The Appeal of Crowd Funding
Have you ever contributed to an Indie GoGo Project, or become a back of a Kickstarter? I have.
In my mind, the kind of projects I contribute to fall into two camps: things I want, and am willing to pay for (a preorder if you will) and things that I just think are too cool not to exist. The first category is the kind of project that introduced me to crowd funding; the second type, however, I think is the really interesting part.
The first two projects I contributed to were actually both retro video games – the top down crunchy kind that I, and likely many of you grew up with. Think Fallout, Arcanum, Baulder’s Gate, or even Rogue – games that were awesome at the time, but now are almost too dated to play. Both of the initial products that entranced me promised to be in this vein and had the appropriate pedigree: Wasteland 2, the sequel to the game that inspired fallout and Shadowrun Returns, the sequel to the classic. The former went on make almost 3 million dollars on a 1 million dollar goal, and the later made almost 2 million on a half-million dollar goal.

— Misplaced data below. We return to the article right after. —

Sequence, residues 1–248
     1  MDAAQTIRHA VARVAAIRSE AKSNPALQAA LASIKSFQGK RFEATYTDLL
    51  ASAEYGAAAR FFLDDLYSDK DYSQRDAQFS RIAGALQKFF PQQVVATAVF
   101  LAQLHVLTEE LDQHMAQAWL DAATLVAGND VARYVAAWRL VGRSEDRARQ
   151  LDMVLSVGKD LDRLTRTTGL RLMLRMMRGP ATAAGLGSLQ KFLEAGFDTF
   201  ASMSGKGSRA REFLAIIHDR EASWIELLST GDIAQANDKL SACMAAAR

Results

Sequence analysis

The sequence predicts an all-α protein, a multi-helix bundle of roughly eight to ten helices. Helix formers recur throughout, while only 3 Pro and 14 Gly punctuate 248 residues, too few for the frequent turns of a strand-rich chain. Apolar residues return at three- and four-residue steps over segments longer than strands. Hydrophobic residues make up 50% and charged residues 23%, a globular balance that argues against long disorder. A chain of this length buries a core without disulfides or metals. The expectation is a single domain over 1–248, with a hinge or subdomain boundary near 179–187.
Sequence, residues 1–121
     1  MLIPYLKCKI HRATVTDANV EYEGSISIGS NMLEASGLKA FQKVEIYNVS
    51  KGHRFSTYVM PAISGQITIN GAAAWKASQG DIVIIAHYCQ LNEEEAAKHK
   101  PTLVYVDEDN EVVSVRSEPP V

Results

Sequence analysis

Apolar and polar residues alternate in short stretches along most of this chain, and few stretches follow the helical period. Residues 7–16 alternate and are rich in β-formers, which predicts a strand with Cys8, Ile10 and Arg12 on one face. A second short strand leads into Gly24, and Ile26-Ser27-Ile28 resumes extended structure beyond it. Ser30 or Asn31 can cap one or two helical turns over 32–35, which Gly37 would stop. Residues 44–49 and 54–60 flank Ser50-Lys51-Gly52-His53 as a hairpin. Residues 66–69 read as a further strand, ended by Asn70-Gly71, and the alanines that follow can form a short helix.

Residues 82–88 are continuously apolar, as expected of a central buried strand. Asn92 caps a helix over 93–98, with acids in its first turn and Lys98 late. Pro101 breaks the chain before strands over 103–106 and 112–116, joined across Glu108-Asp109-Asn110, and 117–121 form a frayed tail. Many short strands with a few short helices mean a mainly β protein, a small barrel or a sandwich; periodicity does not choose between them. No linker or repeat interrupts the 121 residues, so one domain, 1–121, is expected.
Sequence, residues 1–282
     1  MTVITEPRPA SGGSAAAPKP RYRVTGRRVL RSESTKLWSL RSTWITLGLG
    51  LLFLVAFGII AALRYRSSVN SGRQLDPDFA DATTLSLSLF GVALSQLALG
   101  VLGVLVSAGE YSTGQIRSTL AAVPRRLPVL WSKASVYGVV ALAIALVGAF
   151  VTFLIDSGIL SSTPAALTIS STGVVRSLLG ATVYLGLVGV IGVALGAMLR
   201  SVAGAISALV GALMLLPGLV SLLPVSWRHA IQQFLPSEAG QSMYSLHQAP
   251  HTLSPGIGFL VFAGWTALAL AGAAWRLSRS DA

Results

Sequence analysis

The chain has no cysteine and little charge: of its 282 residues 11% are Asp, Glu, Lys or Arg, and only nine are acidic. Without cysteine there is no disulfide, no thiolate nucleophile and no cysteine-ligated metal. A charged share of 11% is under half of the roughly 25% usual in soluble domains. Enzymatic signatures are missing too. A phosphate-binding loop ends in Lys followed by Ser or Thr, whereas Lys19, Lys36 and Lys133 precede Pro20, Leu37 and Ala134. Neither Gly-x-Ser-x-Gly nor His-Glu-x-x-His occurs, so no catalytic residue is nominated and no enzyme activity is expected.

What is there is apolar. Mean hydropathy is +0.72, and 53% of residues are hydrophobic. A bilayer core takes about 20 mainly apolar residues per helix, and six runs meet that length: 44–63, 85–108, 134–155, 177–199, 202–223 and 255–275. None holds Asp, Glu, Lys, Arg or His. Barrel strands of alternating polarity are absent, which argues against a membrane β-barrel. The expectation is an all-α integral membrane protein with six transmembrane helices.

I spent less than $50 on the pair, and though I have not received my games yet, I am unconcerned; the regular progress reports I read on both make them look very healthy and exciting, and if they crater? Well, I guess I’m out a couple bucks.
What Kickstarter/Indiegogo projects have you contributed to? What dream product would you spend your hard earned money on?
What dream project would I spend my hard earned money on?
A penis-enlarging pill.
“In my mind, the kind of projects I contribute to fall into two camps: things I want, and am willing to pay for (a preorder if you will) and things that I just think are too cool not to exist.”
You said it perfectly!
Crowd funding is nothing but literally voting with our dollars afterall. Careful with your enthusiastic compliments – you’ll make me blush.